The Flames are 6-1-2 since that game in Detroit, and have looked for the most part like a darn good hockey team. Tonight is definitely a test, one that I think they're ready to pass. Calgary 3, Detroit 2. Go Flames.


Great minds think alike.

I like Razor Reaugh's idea for an official "Best Player in the League", but I don't like the name. Being from Saskatchewan, I know it is a sacrilege to suggest anyone other than Gordie Howe could possibly be the best player in the game, but a better moniker for the award would have to be the "Robert Orr Trophy".

Not only did Orr dominate every game he played, he is also more true to Razor's description of Zetterburg as a potential recipient of the Selke Trophy. Just as Zetterburg plays a defensive role in not allowing the opposition to gain puck possession for appreciable periods of time, so did Orr become the all-time greatest defensement by being an offenseive juggernaut.

Excellent use of footnotes in that preview, MG.

Interesting cap management from the Wings: Datsuyk 6.7, Lidstrom 7.6, Rafalski 6.0, Nobody else above 3 mil per. Zetterburg has another year after this one at an obscenely low price. Osgood's cap number is 850K!

Call them the Line Most Likely to Make You Depressed About Your Team's Ability to Clear Their Own Zone.

Can we get an acronym for this, please? LMLMYDAYTACTOZ doesn't cut it.

BTW, love the Festivus reference.

Matt, the Flames by the same metric. Which is just a measure of your team's ability to outshoot the opposition when you are on the ice (goalposts, crossbars and shots wide included). Every body's numbers prorated to the same as Phaneuf's.

62 Langkow
60 Iginla
50 Tanguay
45 Phaneuf
43 Moss
43 Huselius
28 Warrener
18 Sarich
15 Conroy
15 Nolan
12 Aucoin
10 Eriksson
6 Lombardi
-15 Nilson
-16 Regehr
-25 Yelle
-38 Smith

Regehr shoulf be near the top at this. And lately Keenan hasn't been leaning on him as much for the icetime against the opponent's best, either. Good (non-goalie) players just don't fall to shit like that. He's hurt.

Flames fans should hope that he gets better before Aucoin hits the infirmary, which should be any day now. :)

Warrener is having a great start by this, and by the comments here and at metrognome's site. We know he's just playing against the other team's depth, still, results be results. Good for him, always liked Warrener.

Lombardi should get props for staying in the black at this given the context of a lot of his icetime IMO. Keenan wasn't blowing smoke.

Edit for above, that should read "everybody's numbers prorated to Phaneuf's icetime".

Andy: How about LLLO? (Line Least Like Oilers)

Vic, thanks a ton for that.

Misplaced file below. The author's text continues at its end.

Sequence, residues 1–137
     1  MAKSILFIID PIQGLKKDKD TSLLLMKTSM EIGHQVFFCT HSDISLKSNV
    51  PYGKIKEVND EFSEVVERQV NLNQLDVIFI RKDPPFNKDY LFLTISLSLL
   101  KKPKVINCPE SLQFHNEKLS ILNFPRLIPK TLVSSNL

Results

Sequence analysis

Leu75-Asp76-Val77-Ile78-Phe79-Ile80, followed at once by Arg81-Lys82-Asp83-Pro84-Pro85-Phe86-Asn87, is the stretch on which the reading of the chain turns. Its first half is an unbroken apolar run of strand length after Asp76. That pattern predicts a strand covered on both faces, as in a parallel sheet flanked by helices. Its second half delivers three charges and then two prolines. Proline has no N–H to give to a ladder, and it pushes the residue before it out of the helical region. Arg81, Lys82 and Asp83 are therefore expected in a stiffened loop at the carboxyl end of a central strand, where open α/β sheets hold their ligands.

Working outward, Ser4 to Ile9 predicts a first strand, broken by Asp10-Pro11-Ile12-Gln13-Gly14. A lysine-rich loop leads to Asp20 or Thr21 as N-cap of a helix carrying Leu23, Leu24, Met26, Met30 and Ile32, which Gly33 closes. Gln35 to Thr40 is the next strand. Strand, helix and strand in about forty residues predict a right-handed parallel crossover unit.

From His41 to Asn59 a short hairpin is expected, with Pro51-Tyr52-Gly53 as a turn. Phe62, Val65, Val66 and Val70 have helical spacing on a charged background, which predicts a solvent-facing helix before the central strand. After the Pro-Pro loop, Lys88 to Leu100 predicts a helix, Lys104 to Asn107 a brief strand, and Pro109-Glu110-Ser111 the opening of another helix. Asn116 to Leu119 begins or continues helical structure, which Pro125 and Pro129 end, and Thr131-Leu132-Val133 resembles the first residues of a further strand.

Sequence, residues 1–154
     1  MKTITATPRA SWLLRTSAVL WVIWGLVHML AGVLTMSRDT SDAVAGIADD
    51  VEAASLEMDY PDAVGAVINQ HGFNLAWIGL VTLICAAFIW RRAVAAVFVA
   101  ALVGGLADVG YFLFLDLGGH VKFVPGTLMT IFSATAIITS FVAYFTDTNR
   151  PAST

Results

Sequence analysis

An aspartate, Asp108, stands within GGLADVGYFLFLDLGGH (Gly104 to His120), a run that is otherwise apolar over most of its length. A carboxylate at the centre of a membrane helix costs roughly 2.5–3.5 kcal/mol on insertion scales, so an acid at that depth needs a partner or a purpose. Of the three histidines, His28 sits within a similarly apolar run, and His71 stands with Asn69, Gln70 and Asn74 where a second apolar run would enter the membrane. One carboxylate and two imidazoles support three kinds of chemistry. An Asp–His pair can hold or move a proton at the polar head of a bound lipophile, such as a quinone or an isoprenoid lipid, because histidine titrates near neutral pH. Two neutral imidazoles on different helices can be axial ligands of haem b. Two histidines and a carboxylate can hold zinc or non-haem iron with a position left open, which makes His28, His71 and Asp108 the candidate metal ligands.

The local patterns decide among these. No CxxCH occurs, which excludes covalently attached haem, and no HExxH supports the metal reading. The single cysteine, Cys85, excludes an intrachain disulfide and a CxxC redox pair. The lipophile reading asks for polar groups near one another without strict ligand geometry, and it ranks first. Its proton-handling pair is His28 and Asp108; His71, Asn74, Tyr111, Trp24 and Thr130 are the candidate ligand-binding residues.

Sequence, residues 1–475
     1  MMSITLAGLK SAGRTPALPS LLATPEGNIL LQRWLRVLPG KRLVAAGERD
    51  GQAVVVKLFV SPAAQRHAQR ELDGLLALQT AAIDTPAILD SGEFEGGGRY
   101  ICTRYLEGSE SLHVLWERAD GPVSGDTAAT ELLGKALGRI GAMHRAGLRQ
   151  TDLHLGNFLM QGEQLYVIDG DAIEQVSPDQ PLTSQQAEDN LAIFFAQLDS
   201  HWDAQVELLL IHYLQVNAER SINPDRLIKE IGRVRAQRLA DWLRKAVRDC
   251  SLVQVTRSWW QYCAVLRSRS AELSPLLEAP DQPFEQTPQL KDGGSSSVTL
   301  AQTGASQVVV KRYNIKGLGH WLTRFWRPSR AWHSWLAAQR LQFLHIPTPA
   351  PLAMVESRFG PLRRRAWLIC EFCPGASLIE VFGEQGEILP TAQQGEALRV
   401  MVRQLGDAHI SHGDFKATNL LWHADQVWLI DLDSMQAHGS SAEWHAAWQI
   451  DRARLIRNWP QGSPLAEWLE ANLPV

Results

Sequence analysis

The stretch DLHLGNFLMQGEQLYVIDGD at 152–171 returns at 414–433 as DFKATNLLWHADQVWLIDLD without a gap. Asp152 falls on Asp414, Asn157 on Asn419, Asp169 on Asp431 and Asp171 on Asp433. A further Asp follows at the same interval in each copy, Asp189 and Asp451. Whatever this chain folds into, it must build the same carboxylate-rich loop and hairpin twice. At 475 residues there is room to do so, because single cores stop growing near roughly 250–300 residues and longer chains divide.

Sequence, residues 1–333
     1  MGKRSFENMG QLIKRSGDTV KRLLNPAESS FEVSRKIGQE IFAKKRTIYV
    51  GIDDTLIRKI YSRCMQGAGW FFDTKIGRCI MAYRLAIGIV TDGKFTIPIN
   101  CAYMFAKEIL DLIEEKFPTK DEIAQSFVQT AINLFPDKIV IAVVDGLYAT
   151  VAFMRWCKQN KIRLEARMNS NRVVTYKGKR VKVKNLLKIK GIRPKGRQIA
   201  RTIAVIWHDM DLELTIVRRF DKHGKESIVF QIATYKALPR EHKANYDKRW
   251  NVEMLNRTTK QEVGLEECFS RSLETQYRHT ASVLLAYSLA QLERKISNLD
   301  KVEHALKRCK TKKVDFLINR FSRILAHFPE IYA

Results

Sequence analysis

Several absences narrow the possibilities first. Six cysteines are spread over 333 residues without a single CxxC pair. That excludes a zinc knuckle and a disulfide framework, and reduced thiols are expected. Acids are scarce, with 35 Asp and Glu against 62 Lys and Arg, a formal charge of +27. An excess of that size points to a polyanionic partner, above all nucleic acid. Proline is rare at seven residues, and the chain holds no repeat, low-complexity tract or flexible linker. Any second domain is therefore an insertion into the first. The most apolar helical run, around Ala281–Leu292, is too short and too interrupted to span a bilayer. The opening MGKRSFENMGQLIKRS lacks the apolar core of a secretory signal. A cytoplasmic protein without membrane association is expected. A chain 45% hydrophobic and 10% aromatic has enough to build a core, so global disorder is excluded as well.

I know you've prorated for EV icetime, but can you confirm that the events are all at even strength as well? Discrepancy between the regular PP guys and the regular PK guys should be expected on account of talent (or LOFT), but man, that is something.

Yes, Matt, just for evens of course. That is a hell of a spread, but the Flames are a top heavy team.

Duhatschek's point about Detroit's propensity to find talent in rounds other than "first" is a bit of an understatement.

If I ever feel I've run out of material with a particular Leaf fan I like to bring up the 1989 draft, where the good 'ol Leafs somehow managed to have three first round picks. Unfortunately, there biggest impact player from that year ended up being Rob Pearson.

Detroit on the other hand came away with:
Lidstrom - 3rd Rd
Fedorov - 4th Rd
Konstantinov - 11th Rd

It's fun to ask a Leaf fan if they think one of those players would have made a high-sticking penalty in '93 irrelevant.

Losing any one game isn't the end of the world, but losing twice to Detroit, the current best team in the West (and league?) is frustrating. I'm not even sure we could claim to have really competed against them. With the exception of our early goal, we didn't control the game until they started going into a defensive shell in the third period. We are starting to play better against shut-down defenses, as shown by our comeback against Minnesota, and our comeback in shots tonight, but teams that are strong both offensively and defensively seem to be able to score at will despite our best efforts. The fourth Detroit goal was a good indicator of that.

Still life goes on. The Wild are looking a lot weaker now that they've run into injury problems again. Colorado is keeping ahead of us, but they've had a weaker schedule so far (mostly because they haven't played Detroit yet), and the season series has them at +2 points rather than -4 thanks to a couple of bad bounces and Mr. Magoo.

Looking at the Flames and how they've struggled against the Wings and Sharks, you have to say that the Flames just aren't on the top tier of WC teams. Plus the way they've structured their team, and the prospects in their system it looks like this will be a solid playoff team for 3-4 years but I just don't see them breaking out of the 4-8th seed and maybe a round or two in the SCP.